Pan fried scallops wrapped in bacon would be a perfect meal to pair with Merlot. Avoid serving Merlot with strong blue cheese, or with spicy foods. These flavors can overwhelm the fruitiness of the wine and accentuate the alcohol, making it taste more bitter.
Check out Merlot vs Cabernet Sauvignon vs Pinot Noir for a direct comparison.
Shiraz is a full bodied red wine which has a reputation for being smooth and easy to drink, despite it’s bold flavors. The main flavor note is dark fruit, like juicy berries, with an additional layer of smokiness.
Australia and South Africa are known for producing the most popular types of Shiraz. This wine pairs very well with various types of meat. You can serve it with duck, chicken, beef, venison, veal, lamb and pork.
Shiraz goes particularly well with barbeque flavors, so smoky brisket or a rack of ribs would be a great choice. If you are looking for a cheese to suit this wine, stick to aged hard cheeses like gouda.
Cabernet Sauvignon is a full bodied red wine. It is easy to get hold of as cabernet grapes are very widely planted in many different areas. The main flavor notes of cabernet sauvignon are figs, dates and plums.
These bold flavors can overwhelm very delicate dishes, but this wine does go well with tasty meat seasoned with peppercorns, such as steak au poivre and ahi tuna.
Heavy, cream-based sauces will bring out the fruity flavors in the wine, and cooking methods that create a smoky flavor (such as grilling) will counteract any bitterness in the wine.
This wine also goes nicely with cheeses like brie and cheddar, but it is best to avoid blue cheese as this will compete too much with the strong flavors of the wine.
If you want to pair cabernet sauvignon with chocolate, go for a darker chocolate rather than milk chocolate, as this will be too sweet.
Related: Shiraz and Cabernet Sauvignon comparison.
Pinot Noir is a light bodied red wine with fruity flavors of raspberries, strawberries and cherries, with an additional earthy note. ‘Pinot’ comes from the French word for ‘pine’, which refers to the way the grapes form tight clusters on the vine which look like pine cones.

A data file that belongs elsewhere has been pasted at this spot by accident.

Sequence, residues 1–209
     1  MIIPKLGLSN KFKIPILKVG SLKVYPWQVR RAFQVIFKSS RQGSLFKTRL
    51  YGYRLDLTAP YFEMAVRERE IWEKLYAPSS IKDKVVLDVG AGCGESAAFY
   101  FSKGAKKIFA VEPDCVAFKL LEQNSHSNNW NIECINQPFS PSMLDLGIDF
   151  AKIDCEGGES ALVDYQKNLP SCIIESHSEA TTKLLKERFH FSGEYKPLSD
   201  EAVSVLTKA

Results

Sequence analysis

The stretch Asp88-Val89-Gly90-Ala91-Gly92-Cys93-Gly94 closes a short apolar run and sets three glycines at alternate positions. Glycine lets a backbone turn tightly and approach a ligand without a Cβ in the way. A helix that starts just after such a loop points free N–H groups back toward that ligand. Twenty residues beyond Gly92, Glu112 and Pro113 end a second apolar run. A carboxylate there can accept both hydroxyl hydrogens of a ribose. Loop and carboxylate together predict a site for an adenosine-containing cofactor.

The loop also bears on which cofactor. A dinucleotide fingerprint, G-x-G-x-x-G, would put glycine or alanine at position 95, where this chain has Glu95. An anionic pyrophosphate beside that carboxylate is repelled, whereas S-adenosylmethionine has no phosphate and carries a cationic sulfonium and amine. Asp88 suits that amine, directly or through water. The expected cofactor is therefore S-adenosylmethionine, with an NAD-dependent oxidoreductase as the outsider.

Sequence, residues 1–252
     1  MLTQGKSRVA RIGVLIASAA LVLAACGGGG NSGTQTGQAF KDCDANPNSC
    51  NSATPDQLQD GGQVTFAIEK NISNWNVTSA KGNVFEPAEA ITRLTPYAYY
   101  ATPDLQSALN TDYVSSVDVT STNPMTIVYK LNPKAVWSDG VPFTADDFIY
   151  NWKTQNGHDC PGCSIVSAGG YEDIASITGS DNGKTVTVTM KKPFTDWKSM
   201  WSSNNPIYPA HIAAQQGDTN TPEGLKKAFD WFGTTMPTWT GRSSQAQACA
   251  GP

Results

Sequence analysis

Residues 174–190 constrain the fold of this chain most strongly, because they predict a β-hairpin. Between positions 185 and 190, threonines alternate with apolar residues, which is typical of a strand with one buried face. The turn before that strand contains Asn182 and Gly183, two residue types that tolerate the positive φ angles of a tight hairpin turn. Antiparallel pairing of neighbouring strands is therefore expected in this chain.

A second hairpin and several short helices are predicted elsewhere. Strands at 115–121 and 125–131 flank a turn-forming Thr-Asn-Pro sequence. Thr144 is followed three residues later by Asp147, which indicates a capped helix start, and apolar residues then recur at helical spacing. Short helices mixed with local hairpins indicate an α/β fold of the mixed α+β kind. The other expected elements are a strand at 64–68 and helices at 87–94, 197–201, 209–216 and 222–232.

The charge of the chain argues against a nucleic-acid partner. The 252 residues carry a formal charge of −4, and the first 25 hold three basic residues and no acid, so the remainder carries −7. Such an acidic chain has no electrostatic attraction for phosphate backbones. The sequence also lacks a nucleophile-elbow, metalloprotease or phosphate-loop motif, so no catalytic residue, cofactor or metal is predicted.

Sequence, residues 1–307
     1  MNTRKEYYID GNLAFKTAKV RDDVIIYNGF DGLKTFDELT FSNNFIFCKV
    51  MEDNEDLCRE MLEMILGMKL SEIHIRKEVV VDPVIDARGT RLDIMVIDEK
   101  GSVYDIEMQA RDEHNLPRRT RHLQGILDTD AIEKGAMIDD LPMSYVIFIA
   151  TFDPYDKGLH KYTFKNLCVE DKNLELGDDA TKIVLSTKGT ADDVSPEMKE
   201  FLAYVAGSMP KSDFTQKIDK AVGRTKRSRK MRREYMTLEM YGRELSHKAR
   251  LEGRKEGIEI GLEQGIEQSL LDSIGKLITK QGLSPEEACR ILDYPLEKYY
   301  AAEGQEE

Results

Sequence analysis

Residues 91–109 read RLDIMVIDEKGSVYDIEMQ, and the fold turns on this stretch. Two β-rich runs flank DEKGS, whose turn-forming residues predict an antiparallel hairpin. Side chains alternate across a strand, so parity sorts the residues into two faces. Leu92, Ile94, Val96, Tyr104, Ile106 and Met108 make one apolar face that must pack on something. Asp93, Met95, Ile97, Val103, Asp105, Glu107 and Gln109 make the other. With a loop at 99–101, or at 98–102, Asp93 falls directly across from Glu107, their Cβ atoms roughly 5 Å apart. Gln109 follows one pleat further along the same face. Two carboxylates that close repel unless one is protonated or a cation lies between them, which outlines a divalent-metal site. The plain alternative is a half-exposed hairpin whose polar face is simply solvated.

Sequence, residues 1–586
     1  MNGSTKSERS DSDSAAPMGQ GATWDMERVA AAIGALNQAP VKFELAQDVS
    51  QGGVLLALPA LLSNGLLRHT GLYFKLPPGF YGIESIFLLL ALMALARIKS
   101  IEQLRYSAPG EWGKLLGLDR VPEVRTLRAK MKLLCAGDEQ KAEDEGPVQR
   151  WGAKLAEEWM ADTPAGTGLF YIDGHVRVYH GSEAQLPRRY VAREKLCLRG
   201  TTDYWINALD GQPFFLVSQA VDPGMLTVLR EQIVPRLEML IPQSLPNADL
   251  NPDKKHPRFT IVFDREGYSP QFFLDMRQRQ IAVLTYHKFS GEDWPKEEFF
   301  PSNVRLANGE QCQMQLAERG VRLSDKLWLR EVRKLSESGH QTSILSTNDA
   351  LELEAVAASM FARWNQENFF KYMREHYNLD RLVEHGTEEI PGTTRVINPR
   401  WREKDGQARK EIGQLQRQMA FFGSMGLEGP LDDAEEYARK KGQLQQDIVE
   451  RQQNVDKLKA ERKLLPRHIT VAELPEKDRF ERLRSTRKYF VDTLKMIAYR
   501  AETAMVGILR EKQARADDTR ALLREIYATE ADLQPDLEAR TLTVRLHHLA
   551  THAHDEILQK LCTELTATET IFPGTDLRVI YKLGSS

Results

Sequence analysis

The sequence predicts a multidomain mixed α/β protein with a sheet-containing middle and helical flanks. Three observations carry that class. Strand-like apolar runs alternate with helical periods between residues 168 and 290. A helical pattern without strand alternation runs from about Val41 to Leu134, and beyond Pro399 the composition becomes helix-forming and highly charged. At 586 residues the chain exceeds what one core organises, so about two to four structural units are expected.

A light, fresh and fruity pinot noir will pair well with cold meats, terrine, and classic french dishes with a cream or mustard based sauce. This wine can also handle being paired with foods that have a touch of spice, like hoisin duck or char siu pork.
Avoid gamey dishes like grouse or pheasant.
Zinfandel is a medium to full bodied red wine with quite a high alcohol content. It is known for having bold flavors. The most distinguishable notes are fruity berries, cinnamon and pepper.
Other flavor notes include vanilla, liquorice, chocolate, leather and even tobacco. A full bodied zinfandel will pair excellently with barbeque pork ribs, braised beef, roast leg of lamb or even a tasty Italian sausage.
If you’re making pasta, then serve this wine with a rich tomato based sauce. This is also a great wine to pair with classic crowd pleasers like chilli con carne and pizza.
Malbec is a popular full-bodied red wine. It has delightful flavor notes of blackberry, plum and milk chocolate. It also has some savoury undertones of leather, coffee and black pepper, creating a balanced flavor overall.
Malbec grapes prefer a warmer climate and can be quite tricky to grow. Argentina produces some of the best Malbec wines, and this grape takes up two thirds of the country’s vineyards. Australia, Chile, South Africa and New Zealand also produce some nice Malbec wines.
This wine pairs best with lean meats rather than fatty meats- perhaps a fillet steak or roast turkey. This wine can also handle being served with a strong blue cheese, so is an ideal choice for cheese and biscuits.